Another day, another EV Battery Fire

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EV Battery Fire. Source Facebook, Fair Use, Low Resolution Image to Identify the Subject

Essay by Eric Worrall

Public awareness is growing of the apparent tendency of electric vehicles to spontaneously combust, and burn with a blazing hot, difficult to extinguish fire.

The video above discusses how normal fire extinguishers failed to put out the blaze, and also mentions the risk of thermal runaway, a new kind of vehicle fire hazard in which even an extinguished EV battery fire can spontaneously re-ignite, due to chemical processes in the damaged batteries.

But one thing really caught my eye – in this case the vehicle was burning near some trees. Urban trees in a carpark, so no harm done. But what if such a vehicle fire occurred in a less urban setting, in dry woodland?

Obviously fossil fuel powered vehicles can also catch fire. My vehicle once caught fire, the full fuel tank ruptured and produced an impressive blaze – I had just filled up 20 minutes before the fire.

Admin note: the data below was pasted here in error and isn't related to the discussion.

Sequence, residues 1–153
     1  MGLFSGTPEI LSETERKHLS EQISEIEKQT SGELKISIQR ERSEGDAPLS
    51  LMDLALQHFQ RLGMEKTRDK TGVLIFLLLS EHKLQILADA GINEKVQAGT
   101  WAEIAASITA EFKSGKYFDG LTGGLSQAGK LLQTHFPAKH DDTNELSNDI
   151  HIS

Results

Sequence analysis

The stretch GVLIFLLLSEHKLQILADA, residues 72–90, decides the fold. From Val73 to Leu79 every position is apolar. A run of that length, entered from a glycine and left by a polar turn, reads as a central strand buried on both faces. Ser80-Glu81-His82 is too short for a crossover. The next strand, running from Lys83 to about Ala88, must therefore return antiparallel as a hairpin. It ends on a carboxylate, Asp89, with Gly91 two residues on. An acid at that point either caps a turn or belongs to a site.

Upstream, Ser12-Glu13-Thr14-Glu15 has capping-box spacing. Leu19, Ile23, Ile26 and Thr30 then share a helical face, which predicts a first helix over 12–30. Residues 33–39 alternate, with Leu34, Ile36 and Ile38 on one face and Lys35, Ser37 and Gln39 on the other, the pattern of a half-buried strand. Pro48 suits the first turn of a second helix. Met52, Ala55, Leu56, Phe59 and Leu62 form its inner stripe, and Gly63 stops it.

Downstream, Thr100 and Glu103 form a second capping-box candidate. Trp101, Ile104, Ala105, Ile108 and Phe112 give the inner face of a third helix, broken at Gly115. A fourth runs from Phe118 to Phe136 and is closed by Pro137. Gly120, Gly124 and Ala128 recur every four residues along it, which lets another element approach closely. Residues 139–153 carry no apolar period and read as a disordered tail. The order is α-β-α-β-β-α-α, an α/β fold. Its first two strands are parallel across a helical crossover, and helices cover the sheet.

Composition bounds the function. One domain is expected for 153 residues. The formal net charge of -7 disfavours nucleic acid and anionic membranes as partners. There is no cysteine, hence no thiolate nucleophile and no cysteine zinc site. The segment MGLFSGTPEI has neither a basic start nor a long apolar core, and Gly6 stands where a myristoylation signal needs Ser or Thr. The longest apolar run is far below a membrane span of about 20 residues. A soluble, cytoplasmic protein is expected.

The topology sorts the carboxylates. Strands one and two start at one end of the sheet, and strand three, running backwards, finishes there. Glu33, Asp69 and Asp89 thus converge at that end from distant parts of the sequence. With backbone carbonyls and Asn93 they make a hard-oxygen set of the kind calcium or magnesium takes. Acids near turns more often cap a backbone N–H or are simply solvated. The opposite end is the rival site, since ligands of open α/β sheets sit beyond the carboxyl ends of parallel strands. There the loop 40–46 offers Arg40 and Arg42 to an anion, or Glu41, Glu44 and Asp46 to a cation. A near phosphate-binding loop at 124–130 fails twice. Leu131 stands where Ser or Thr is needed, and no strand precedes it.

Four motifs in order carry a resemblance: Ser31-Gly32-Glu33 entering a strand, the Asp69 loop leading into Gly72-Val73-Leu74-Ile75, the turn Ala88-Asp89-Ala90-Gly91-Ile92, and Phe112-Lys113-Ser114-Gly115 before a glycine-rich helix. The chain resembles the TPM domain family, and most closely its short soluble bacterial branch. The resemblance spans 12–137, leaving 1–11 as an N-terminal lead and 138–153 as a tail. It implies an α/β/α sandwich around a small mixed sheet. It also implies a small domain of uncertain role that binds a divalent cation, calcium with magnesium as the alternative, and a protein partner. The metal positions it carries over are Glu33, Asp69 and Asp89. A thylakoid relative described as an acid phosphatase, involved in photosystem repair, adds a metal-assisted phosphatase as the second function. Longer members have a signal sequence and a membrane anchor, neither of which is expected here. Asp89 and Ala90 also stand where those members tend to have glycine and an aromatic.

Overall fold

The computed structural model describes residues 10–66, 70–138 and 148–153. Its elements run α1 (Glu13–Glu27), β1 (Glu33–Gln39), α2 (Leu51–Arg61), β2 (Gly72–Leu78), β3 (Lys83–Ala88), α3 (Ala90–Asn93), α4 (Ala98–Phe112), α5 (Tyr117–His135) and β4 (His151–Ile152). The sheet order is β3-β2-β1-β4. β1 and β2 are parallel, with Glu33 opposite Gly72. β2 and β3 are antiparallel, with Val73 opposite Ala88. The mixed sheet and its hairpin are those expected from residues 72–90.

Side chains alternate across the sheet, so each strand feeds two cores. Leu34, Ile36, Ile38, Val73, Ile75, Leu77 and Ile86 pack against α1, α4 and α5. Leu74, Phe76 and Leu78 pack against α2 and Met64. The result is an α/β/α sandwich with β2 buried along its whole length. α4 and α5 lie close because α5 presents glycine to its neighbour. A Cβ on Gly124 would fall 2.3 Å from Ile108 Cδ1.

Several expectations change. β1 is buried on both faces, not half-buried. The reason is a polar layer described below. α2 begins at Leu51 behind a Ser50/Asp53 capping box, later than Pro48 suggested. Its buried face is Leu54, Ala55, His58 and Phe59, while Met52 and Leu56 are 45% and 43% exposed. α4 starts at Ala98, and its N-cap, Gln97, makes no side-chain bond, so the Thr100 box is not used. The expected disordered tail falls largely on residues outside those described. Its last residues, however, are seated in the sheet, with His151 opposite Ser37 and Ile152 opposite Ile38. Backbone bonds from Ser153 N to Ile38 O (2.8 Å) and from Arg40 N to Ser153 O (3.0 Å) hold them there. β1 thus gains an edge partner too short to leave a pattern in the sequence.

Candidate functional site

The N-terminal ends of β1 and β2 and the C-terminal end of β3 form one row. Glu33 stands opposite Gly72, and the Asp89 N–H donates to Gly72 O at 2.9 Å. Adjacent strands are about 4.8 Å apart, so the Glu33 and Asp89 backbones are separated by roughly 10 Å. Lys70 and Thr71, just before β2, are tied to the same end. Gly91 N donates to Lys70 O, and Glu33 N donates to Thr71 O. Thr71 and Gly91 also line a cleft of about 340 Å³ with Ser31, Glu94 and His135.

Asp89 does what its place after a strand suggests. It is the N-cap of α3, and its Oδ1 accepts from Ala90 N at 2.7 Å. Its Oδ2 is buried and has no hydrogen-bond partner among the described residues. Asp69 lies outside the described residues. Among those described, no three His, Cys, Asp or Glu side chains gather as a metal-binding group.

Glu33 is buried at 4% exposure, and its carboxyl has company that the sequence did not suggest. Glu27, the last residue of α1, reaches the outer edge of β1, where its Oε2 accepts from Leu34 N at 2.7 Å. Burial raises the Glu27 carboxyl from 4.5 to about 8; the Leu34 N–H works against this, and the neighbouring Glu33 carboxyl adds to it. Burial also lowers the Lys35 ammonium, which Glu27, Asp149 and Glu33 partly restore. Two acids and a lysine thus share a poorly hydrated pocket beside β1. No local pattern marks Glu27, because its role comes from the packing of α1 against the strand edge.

But the fire didn’t spread – a few flames licked up around the sides of the vehicle, but the fire mostly stayed on the ground, under the trunk. And the blaze was controllable – when the fire truck arrived 20 minutes after the blaze started, the fire was extinguished within 5 minutes. If I had thought to carry a vehicle fire extinguisher, I could have probably put the fire out myself.

Electric vehicle fires seem much fiercer than the gasoline fire I experienced. They seem to burn hot, much hotter than the gasoline fire which scorched the rear of my vehicle. Worse, EV fires seem to be very difficult to extinguish, and damaged EV batteries remain dangerous even when you think the fire risk is over.

Are EV mobile fire hazards really the kind of vehicles we want to have driving around in sensitive, high bushfire risk areas like Australia and California?

I guess time will tell, whether the apparent enhanced fire-starting potential of defective electric vehicles has a noticeable impact on large scale forest fire risk.

via Watts Up With That?

October 17, 2022